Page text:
Sunday, 17 December 2017

Saturday, 28 October 2017

Perl course in London

On Saturday November 25, 2017 I'll be running a 2 hour Introduction to Perl for developers of other languages

http://act.yapc.eu/lpw2017/talk/7224

Please make sure you register so that I can set you up with a free 2 week enrolment at Geekuni.

Where?

Cavendish Campus, University of Westminster
115 New Cavendish Street London W1W 6UW

https://www.westminster.ac.uk/about-us/visit-us/directions/cavendish

Perl string concatenation and repetition

One of the first Perl operators to learn is the "dot" concatenation operator (.) for strings. For example:

my $string = 'foo' . 'bar';
# $string is 'foobar'.

On the other hand, if you have an array of strings @arr, then you can concatenate them by joining them with an empty string in-between:
my $string = join('', @arr);
But what if you just want 10 "foo"s in a line? You might try the Python approach with 'foo' * 10 but Perl with its type conversion on the fly will try to convert 'foo' into a number and say something like:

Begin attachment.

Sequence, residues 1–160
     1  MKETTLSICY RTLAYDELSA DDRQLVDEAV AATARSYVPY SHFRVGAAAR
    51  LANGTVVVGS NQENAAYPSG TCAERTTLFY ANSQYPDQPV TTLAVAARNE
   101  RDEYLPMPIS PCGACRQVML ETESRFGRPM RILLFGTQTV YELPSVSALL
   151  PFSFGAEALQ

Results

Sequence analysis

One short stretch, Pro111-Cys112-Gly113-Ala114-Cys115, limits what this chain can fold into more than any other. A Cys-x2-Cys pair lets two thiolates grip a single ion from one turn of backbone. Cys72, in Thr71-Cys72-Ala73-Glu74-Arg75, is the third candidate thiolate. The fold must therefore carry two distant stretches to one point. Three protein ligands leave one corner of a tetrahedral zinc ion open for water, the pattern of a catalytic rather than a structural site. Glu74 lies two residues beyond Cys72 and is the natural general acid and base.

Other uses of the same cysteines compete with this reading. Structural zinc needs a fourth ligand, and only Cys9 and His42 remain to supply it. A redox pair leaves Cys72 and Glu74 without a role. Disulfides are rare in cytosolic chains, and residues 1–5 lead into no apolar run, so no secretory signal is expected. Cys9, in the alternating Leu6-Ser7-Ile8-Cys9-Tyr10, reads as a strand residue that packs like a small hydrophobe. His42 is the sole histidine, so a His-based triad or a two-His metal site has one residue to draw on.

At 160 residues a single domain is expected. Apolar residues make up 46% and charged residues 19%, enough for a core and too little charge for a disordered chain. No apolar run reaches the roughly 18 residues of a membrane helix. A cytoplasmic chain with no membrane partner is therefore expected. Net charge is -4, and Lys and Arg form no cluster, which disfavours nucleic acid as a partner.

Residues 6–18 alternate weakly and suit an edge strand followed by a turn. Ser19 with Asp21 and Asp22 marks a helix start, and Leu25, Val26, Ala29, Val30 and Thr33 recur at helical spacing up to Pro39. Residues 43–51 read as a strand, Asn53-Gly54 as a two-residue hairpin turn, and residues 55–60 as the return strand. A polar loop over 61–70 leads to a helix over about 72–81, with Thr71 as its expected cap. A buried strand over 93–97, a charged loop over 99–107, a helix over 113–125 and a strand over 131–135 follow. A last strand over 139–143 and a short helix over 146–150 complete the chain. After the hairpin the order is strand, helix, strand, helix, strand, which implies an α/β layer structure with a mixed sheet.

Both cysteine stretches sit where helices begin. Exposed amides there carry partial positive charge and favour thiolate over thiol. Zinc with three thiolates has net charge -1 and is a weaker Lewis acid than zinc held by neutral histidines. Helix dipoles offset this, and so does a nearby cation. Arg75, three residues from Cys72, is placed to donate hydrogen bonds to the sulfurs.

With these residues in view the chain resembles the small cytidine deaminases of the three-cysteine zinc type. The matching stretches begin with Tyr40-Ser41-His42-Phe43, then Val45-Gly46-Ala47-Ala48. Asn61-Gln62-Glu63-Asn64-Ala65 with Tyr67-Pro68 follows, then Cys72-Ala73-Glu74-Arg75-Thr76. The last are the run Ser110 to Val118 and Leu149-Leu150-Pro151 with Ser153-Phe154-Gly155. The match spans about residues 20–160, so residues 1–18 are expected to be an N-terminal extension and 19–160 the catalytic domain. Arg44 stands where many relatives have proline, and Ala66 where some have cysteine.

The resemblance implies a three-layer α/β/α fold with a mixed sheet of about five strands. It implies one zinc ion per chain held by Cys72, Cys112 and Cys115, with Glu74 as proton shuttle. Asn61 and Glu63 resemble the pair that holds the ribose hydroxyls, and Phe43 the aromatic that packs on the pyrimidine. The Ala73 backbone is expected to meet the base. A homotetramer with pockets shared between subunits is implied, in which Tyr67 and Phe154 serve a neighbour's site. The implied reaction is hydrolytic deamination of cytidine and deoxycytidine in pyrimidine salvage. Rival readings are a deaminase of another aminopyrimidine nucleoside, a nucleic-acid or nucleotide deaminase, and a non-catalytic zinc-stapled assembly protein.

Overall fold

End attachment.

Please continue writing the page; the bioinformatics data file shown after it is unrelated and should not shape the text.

Argument "foo" isn't numeric in multiplication (*) at...

Instead you should use the repetition operator (x) which takes a string on the left and a number on the right:

my $string = 'foo' x 10;
and $string is then
foofoofoofoofoofoofoofoofoofoo
Note that even if you have integers on both sides, the 'x' repetition operator will cast the left operand into a string so that:

my $str = 20 x 10;
# $str is "2020202020202020202020"

Now this isn't all the repetition operator is good for - it can also be used for repetition of lists. For example:
('x','y','z') x 10

evaluates as:

('x','y','z','x','y','z','x','y', ...)

But be warned: if the left operand is not enclosed in parentheses it is treated as a scalar.
my @arr = ('x', 'y', 'z');
my @bar =  @arr  x 10;

is equivalent to
my @bar = scalar(@arr) x 10;
# @bar is an array of a single integer (3333333333)
while, turning the array into a list of its elements by enclosing it in parentheses:

my @foo = (  (@arr)  x 10 );
# then @foo is ('x','y','z','x','y','z','x','y', ...)

In summary, if you remember that 'x' is different to '*' and lists are treated differently to scalars, it's less likely your code will give you an unpleasant surprise!